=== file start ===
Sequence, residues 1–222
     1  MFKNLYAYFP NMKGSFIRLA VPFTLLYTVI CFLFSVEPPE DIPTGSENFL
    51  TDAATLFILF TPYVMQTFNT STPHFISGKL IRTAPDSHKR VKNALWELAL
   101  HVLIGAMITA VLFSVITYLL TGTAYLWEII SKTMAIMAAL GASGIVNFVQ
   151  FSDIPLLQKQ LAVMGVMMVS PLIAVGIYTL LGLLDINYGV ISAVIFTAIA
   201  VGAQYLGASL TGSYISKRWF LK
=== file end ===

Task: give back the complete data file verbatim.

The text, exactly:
Sequence, residues 1–222
     1  MFKNLYAYFP NMKGSFIRLA VPFTLLYTVI CFLFSVEPPE DIPTGSENFL
    51  TDAATLFILF TPYVMQTFNT STPHFISGKL IRTAPDSHKR VKNALWELAL
   101  HVLIGAMITA VLFSVITYLL TGTAYLWEII SKTMAIMAAL GASGIVNFVQ
   151  FSDIPLLQKQ LAVMGVMMVS PLIAVGIYTL LGLLDINYGV ISAVIFTAIA
   201  VGAQYLGASL TGSYISKRWF LK